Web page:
Ask not what you can do for your country, ask what’s for lunch.

– Orson Welles

Americans can eat garbage, provided you sprinkle it liberally with ketchup, mustard, chili sauce, Tabasco sauce, cayenne pepper, or any other condiment which destroys the original flavor of the dish.

– Henry Miller

Food has been a constant source of discussion, fascination, and argument ever since humans first stuck a piece of meat on a spit over an open fire.  Even mortal enemies can agree taste is important, as comedian Sasha Baron Cohen reminds us when he interviews an Israeli and a Palestinian who explain to him that “hummus” is not the same as Hamas – and that yes, hummus is healthy and delicious.

But a new Silicon Valley startup Soylent is trying to reinvent food. Calling his powdery mixture “an efficient form of fuel for the first time in history,” founder Rob Rhinehart, who has lived on his specially formulated meal substitute for several months, explains that our attachment to the idea of “natural food” is holding us back:

There is nothing sacred about the way we do things… Nature is not on our side. Most of it is trying to kill us. Nature abounds with neurotoxins, carcinogens, starvation, violence, and death. It is technology that makes our lives so comfortable. I think it’s a little weird to eat food that comes from a tree. Do we still use leaves for clothing?

With this bold statement, Rhinehart, interviewed by Vice here, opens up a proverbial can of worms. Interestingly, his most vocal critics have not been nutritionists or biologists, but foodies. “Liberal foodie intellectual” Michael Pollan has spent his career critiquing the modern food machinery and putting “real food” on a pedestal.  His book, In Defense of Food,  is a manifesto not only against the food industry, but against making the process of eating overly scientific and nutrient-focused:

If real food — the sort of food our great grandmothers would recognize as food — stands in need of defense, from whom does it need defending? From the food industry on one side and nutritional science on the other…

[Pollan] challenges the prevailing nutrient-by-nutrient approach — what he calls nutritionism — and proposes an alternative way of eating that is informed by the traditions and ecology of real, well-grown, unprocessed food.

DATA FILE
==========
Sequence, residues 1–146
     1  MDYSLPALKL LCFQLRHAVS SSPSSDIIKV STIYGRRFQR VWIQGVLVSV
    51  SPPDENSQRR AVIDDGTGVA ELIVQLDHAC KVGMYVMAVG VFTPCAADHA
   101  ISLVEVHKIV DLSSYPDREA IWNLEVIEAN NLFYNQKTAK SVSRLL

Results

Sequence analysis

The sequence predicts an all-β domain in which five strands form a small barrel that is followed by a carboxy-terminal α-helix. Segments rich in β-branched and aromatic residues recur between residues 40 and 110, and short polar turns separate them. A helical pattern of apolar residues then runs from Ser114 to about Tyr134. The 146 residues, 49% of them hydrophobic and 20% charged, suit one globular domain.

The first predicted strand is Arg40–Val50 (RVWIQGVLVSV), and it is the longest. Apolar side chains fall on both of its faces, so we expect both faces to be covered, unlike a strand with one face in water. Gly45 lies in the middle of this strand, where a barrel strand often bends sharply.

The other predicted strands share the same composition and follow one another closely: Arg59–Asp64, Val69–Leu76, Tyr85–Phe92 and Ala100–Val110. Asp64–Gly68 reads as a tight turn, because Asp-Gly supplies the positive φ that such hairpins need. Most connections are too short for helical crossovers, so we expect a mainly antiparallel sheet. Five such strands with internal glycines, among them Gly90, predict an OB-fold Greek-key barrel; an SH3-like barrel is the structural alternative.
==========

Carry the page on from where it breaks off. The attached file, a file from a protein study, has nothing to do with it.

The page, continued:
Pollan, a poster child for the locavore movement as well as a media darling (he has won awards from the James Beard foundation as well as the New York Times), is not without his detractors.  A recent article by Emily Matchar entitled “Is Michael Pollan a Sexist Pig” agrees with Rhinehart, pointing out that in romanticizing the food of our forbearers, we often forget its many fatal shortcomings:

“The media has done a good job of convincing people that their food isn’t safe, when almost certainly the opposite is true,” says Rachel Laudan, a food historian…

Prepasteurization, children frequently died from cholera, listeria, or bovine tuberculosis after drinking tainted milk. Butter was often rancid or adulterated with anything from gypsum to gelatin fat to mashed potatoes…

Yet, due to the pervasive romanticization of the preindustrial family farm, today only 60 percent of Americans say they believe they’ve benefited from modern food technologies… [and] only 30 percent say modern technologies have increased food safety. In reality, we’ve all benefited vastly from these technologies, and many of us would actually be dead without them.

Moreover, Matchur points out, Pollan’s elevation of food preparation into a moral imperative does us no favors. Pollan goes so far as to connect the death of cooking with the rise of feminism – something that is blatantly untrue.

[In a recent New York Times Magazine story], Pollan scolds that “American women now allow corporations to cook for them” and rues the fact that women have lost the “moral obligation to cook” they felt during his 1960s childhood… As should be obvious to anyone who’s peeked at a cookbook from the late 1940s or early 1950s that promotes ingredients like sliced hot dogs and canned tomato soup, we’ve been eating processed crap since long before feminism.

The Atlantic’s D.B. Grady provides an interesting frame for this debate in his article “How Meals Win Wars,” an impassioned plea against discontinuing the midnight meal service for marines.  Told against the backdrop of an army cook determined to make chili from a special family recipe, “How Meals Win Wars” demonstrates firsthand why we have such an emotional relationship with food in the first place: it’s not about the food itself so much as the sharing and enjoyment of it in the presence of others.

But Rhinehart is not fazed.  Take away the imperative of cooking three meals a day, he argues, and what you have left is the opportunity to enjoy food more. He ends his latest post with a refreshingly simple perspective:

“Despite all our innovation finding food still takes up a significant percentage of many individuals’ free time and money. This is wrong.”

Image credit: Fabio Achilli via flickr

About The Author

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Anna Redmond is the author of The Golden Arrow, a fantasy political thriller which draws on historical traditions of holy sex to create a society where women use sex for magic and power. She is also curator and co-founder of Hippo Reads.